I even joked that what elected commissioners lose in knowledge they gain in suavity, the ability to move voters when advocating for reform. Being elected gives one a bully pulpit and a modicum of independence. One never has to answer to other politicians.
Running statewide clarifies one's thinking on complex regulatory matters because one has to explain it, and distill it, to laypeople. One hears directly and intimately about how one's decisions affect people, and it's invaluable.
PUF's Steve Mitnick: For regulators nationally, what do you think are the greatest challenges facing them?
Bob Stump: Regulators need to have the independence of mind and depth of knowledge to cut through the misinformation and hype in the energy sector. I do believe that electricity is the most political of commodities in the United States, and distinguishing fact from fiction continues to be one of the greatest challenges facing regulators today.
They need to let the political chips fall where they may, which can be easier said than done. Institutional support, the knowledge that demagogic attacks on commissioners won't be tolerated, is critical.
We need to do better, in that regard. Regulators may be accused unfairly of bias and be asked to recuse themselves if they answer their attackers. Too many are indeed attackers, not merely critics.
The demagogues know this. I think of the Energy and Policy Institute, quite frankly, and too many of them continue to smear regulators with impunity, while self-righteously claiming the mantle of environmental stewardship.
SolarCity learned its lesson after funding the Checks and Balances Project to intimidate regulators and squelch any reform that might threaten its profits. But others think it's effective to corrupt the process in this way. The preservation of anonymous donors' business models depends on it.
PUF's Steve Mitnick: What's your vision of the future of utilities and the future of utility regulation?
Bob Stump: I had the privilege of speaking about this last year, at a marvelous forum at the Aspen Institute. A shift in thinking needs to occur on the issue of energy prices and growing peak demand.
I believe the clean peak policy, proposed in Arizona, could be a model for others who are trying to tackle ratepayer costs while advancing renewable energy policy to meet future grid challenges.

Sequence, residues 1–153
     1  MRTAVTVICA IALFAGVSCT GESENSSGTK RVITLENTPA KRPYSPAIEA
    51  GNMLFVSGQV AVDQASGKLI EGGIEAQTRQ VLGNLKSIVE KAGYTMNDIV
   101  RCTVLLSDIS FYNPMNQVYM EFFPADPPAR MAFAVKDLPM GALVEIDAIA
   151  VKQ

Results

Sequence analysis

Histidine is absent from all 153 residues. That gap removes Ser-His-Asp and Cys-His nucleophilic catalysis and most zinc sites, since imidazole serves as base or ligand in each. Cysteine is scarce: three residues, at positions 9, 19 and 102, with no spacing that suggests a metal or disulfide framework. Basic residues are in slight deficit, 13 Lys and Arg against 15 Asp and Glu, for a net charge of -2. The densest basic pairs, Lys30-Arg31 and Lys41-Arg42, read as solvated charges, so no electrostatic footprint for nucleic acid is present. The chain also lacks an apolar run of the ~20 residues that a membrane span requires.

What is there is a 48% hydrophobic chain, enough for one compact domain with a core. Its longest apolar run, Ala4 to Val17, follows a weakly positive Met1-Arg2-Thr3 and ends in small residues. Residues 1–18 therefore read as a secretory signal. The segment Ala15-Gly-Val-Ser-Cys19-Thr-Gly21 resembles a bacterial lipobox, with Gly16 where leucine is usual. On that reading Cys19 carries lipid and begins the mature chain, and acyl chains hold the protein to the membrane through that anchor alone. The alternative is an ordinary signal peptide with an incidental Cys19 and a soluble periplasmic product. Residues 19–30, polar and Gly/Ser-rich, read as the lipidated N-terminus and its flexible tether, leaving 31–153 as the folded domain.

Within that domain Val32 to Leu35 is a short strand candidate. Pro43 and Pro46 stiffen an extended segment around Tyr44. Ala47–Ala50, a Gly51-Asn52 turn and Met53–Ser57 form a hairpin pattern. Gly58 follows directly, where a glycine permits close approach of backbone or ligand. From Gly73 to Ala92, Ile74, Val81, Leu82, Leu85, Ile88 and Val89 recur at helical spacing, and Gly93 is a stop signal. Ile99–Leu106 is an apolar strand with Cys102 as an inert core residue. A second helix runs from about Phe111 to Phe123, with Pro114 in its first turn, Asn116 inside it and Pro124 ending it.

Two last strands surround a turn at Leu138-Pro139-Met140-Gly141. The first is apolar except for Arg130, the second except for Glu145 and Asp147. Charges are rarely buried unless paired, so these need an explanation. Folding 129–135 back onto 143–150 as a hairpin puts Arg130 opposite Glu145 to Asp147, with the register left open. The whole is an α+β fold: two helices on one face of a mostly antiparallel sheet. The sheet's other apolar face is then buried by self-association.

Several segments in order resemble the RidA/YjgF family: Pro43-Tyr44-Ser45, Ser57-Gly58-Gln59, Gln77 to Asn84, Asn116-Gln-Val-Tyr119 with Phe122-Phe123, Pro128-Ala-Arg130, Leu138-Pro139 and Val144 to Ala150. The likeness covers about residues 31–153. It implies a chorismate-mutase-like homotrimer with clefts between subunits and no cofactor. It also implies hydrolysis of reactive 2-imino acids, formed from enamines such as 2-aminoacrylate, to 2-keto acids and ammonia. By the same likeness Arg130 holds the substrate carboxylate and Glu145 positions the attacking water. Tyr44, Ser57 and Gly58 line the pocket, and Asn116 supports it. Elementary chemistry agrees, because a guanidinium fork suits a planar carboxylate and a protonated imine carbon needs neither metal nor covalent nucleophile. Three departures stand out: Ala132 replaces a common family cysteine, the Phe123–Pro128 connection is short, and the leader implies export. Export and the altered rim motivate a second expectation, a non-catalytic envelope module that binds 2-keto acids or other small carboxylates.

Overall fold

We hear a lot about how the utility must redefine its mission as it partners with consumers and third-party providers. I do wonder if we need to step out of our wonkish shoes and remember that the average customer spends just a few minutes a year pondering his utility bill.
Will new consumer choices change this level of interest in a dramatic, long-term, widespread way? What is the price of empowerment via distributed generation resources if utility-scale green power has a far greater bang for the buck in reducing carbon dioxide?
How can customers feel empowered by using distributed resources without the industry investing scarce resources into less efficient means of production? How does customer empowerment differ from customer satisfaction?
Old rate structures and aging infrastructure must continue to keep up with technologies that are mercurial and decentralized. The challenge will continue to involve developing models that support seamless grid upgrades and allow seamless integration of new technologies without impairing reliability.
Regulators will continue to ask what the utility's core services will be. Will the utility serve as a network manager and aggregator? As points of entry proliferate, I believe it will have to pursue vastly better data analytics and cybersecurity measures.
Also, we have to ponder whether the utility will remain an anchor in an increasingly dispersed system, and what this will mean. These questions are hardy perennials, and it's been the privilege of my life to try to provide answers over the past eight years. I'm looking forward to continuing to do so.